On any given day, sociology professor Barbara Mitchell and her 22-year-old daughter, who lives at home while attending university, will trade multiple text messages. They may be “just checking in” with each other, says Mitchell, or confirming one another’s safe arrival someplace, arranging care for the family pets or sharing humorous bits of information. “We’re very, very close. And she encourages me to text her,” says Mitchell, who teaches at Simon Fraser University. “I remember when I first got my smartphone, I was texting her a couple of times a day, and I didn’t want to come across like I’m this controlling mother who has to be in her life all the time. And she was like, ‘No, text me more!’ I was so surprised. I think it gives [kids] a sense of security.”
Mitchell’s concern is understandable; moms have long had a reputation for hovering over their children—the very word “mothering” is synonymous with “keeping tabs on.” But as Mitchell’s story shows, the parent-child paradigm is shifting, with many kids in their late teens and 20s now actively engaging in, and even initiating, frequent contact with their folks about everything from new recipes and music to relationship and academic problems. It’s a phenomenon Barbara Hofer, a psychology professor at Middlebury College in Vermont, has coined “the digital tether.” The term came to her while observing many students on their cellphones: “I was eavesdropping on these conversations and realizing that they weren’t just talking to their friends, they were talking to their parents—on the way to class, on the way to the gym, [as] they’d walk out of the dorm,” she recalls. “And texting has just added an additional layer of conversation.”
The realization prompted Hofer, along with Abigail Sullivan Moore, to write The iConnected Parent: Staying Connected to Your College Kids (And Beyond) While Letting Them Grow Up. They looked at the reasons behind this trend, and what it has meant for children’s development of autonomy and parents’ ability to relinquish control over their kids. Among their findings: In 2013, between cellphone calls, emails and texts, college- and university-aged kids were in touch with their moms and dads, on average, 22 times a week—up from 13 times a week in 2007, when texting wasn’t popular. This, despite the fact that just before leaving home for post-secondary school, the majority of students believed they’d talk to their parents just once a week, says Hofer.
Hofer’s research also revealed a disturbing, albeit predictable, consequence: Those students who contacted their parents the most were also “the least autonomous and the least self-regulating.” She learned of mothers and fathers calling to wake up their kids on exam day or to remind them of upcoming deadlines; and of students who enlisted their parents to resolve romantic troubles or conflicts with professors. “Because the cellphone made things so immediate, the kid who used to call home on Sunday night and might not even remember to say, ‘Oh, I got a C last Monday on the test in calculus,’ can now walk out of class, call home and bitch about [his or her] professor,” says Hofer. “And then the parents think, ‘Oh, I’ve got to solve this. I think I’ll call the professor.’ ”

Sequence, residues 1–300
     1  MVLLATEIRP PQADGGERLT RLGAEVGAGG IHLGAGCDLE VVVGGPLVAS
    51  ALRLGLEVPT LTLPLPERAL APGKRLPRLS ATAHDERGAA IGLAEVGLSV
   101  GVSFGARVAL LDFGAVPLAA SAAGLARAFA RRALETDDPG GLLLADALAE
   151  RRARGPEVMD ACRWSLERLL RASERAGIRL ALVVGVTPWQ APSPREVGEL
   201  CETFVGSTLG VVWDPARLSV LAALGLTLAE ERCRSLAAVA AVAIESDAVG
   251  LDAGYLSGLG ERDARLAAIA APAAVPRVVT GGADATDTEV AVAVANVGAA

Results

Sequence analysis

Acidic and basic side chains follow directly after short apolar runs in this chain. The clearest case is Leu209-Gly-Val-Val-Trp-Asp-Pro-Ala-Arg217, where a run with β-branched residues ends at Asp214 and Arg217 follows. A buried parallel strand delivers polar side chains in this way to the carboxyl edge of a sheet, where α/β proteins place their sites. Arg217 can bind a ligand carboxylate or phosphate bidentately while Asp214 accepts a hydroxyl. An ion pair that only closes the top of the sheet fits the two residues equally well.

The immediacy of cellphones isn’t the only explanation for this new reality, however. Hofer says the “elongation of active parenting of adult children”—because kids are taking longer to live on their own, finish school, establish their careers, get married—“has transformed the kinds of emotional bonds that parents have with their children.” Adds Mitchell, “For a lot of young people, now the transition to adulthood is fraught with so much uncertainty and they really look to their parents to be able to provide a stabilizing force,” she says. “Parents realize that children are growing up in a different time and they require more years of nurturing and caregiving than what their parents [offered].”
There is another difference at play between this generation and previous ones: This is among the first cohort of mothers, fathers and kids who have a lot in common and actually really like each other, says Jon Gould, professor of justice, law and society at American University in Washington. “Parents now can have more peer-like relationships with their adult children . . . There’s a stronger convergence in values and tastes . . . That’s partly why children are feeling more comfortable coming to their parents with problems,” he says. “The generation gap has shrunk, because they live more similar cultural lives today, so they understand each other better.”
But, warns Gould, author of How to Succeed in College (While Really Trying): A Professor’s Guide to Mastering What’s Expected, “having that relationship with your kid is great until you go over the line. And the moment you [do], it’s bad for everybody—the kids are not learning how to grow up and take responsibility, and the parents are not learning how to live on [their] own.” And really, isn’t that the point?
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